Where Engquist narrowed the liability of public employers under the Equal Protection Clause, the Court's unanimous decision in Bridge v. Phoenix Bond & Indemnity Co. (07-210) expanded liability under the Racketeer Influenced and Corrupt Organizations Act ("RICO"). RICO provides a private right of action (for treble damages, no less) to "[a]ny person injured in his business or property by reason of a violation" of RICO's criminal prohibitions, including mail fraud. Here, Phoenix and others claimed that Bridge violated RICO when it engaged in fraudulent conduct that allowed it to purchase more than its fair share of tax liens from Cook County, Illinois. The County would auction its tax liens to "the lowest" bidder, awarding each lien to the bidder who would require the delinquent taxpayer to pay the smallest penalty over and above the amount of the actual lien. Because successful bidders could take the taxpayers' homes if they didn't pay up (which happened frequently), many bidders were willing to charge no penalty for the chance at obtaining these properties for the small price of the outstanding tax liens. To ensure that this tax lien bounty was equally spread among bidders, Cook County adopted a "single, simultaneous bidder rule," requiring each bidder to submit bids in its own name and prohibiting it from using agents, employees or other related parties to submit bids. The County then awarded liens to bidders on a proportionate basis.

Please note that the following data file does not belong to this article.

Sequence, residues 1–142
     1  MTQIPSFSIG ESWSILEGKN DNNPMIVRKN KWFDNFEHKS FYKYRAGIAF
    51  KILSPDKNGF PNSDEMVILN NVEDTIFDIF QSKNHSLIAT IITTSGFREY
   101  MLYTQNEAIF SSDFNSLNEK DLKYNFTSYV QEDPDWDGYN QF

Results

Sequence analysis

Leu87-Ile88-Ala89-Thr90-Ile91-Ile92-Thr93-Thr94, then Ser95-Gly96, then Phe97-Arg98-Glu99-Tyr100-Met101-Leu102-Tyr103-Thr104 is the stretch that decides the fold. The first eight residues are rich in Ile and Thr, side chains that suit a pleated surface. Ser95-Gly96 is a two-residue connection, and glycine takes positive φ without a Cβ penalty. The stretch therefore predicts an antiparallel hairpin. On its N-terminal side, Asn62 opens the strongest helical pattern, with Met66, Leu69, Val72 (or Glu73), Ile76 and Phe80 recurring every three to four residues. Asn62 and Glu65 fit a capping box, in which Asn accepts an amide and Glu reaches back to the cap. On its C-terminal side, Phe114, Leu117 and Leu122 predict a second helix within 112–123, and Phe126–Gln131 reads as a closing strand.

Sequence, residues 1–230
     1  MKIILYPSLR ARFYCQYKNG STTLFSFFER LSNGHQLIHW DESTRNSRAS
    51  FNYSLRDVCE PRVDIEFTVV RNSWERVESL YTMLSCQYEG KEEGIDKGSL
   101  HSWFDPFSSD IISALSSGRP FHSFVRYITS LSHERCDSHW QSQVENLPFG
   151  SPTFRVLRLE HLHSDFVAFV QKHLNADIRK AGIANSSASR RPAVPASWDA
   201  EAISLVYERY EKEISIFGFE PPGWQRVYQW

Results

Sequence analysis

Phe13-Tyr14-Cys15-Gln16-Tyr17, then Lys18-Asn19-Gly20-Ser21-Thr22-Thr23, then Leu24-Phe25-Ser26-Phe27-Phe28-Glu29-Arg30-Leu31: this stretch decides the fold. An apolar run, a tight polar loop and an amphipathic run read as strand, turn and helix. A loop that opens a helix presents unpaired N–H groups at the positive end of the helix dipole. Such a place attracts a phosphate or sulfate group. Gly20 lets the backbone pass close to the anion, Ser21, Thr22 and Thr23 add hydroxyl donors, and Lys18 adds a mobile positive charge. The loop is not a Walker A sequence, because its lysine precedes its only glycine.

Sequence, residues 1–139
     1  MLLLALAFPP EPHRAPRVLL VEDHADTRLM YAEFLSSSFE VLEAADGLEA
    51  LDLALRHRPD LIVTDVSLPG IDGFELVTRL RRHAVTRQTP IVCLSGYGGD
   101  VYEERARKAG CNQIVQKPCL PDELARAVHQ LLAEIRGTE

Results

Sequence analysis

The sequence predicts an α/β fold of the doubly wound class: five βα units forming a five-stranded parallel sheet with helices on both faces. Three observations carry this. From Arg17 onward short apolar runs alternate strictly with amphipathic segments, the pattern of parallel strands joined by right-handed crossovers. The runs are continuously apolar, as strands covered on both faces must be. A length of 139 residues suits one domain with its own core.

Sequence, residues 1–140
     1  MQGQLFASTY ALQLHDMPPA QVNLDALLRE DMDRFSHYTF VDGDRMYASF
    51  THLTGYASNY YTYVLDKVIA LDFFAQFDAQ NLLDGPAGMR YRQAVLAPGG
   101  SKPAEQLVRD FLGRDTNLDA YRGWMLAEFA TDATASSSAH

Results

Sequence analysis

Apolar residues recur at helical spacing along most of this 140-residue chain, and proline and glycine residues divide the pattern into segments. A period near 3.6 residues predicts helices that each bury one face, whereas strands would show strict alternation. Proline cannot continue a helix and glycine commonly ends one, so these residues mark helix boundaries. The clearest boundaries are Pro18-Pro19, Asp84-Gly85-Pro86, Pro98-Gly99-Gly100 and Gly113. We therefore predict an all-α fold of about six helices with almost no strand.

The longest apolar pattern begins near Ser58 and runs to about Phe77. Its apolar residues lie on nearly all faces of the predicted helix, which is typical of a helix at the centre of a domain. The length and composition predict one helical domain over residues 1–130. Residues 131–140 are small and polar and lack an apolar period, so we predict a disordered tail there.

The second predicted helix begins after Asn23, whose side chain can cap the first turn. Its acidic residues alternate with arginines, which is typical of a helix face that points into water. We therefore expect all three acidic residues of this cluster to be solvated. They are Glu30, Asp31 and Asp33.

Competitive bidders, including Phoenix, sued Bridge under RICO with mail fraud as the predicate act, claiming that Bridge obtained a disproportionate share of the County's tax liens by using related firms to submit bids, filing false affidavits that it had complied with the single, simultaneous bidder rule, and sending out false notices to property owners. The district court dismissed, finding that although the competitors were injured by Bridge's alleged conduct, they were not within the "zone of interest" protected by RICO since they were not the recipients of Bridge's misrepresentations and did not rely on them (i.e., the "mail fraud" wasn't directed at them, but at the County and at property owners). The Seventh Circuit reversed, holding that a party directly injured by mail fraud committed against another can recover under RICO so long as its injury is not derivative. The Court agreed, in a straightforward opinion by Justice Thomas. The plain language of the statute permits any person who is injured by mail fraud to recover, and it does not require reliance on the misrepresentations by the injured party. Of course, the plaintiff must establish that the mail fraud was the proximate cause of his injuries, so it must show "that someone relied on the defendant's misrepresentations." Here, it would be enough to show that the County relied on Bridge's misrepresentations, leading to Phoenix's injury; Phoenix need not show its own reliance.
And with that, we are caught up – just in time, probably, for the Court to release more opinions tomorrow. Thanks for reading!
Kim & Ken
From the Appellate Practice Group at Wiggin and Dana
For more information, contact Kim Rinehart, Ken Heath, or any other member of the Practice Group at 203-498-4400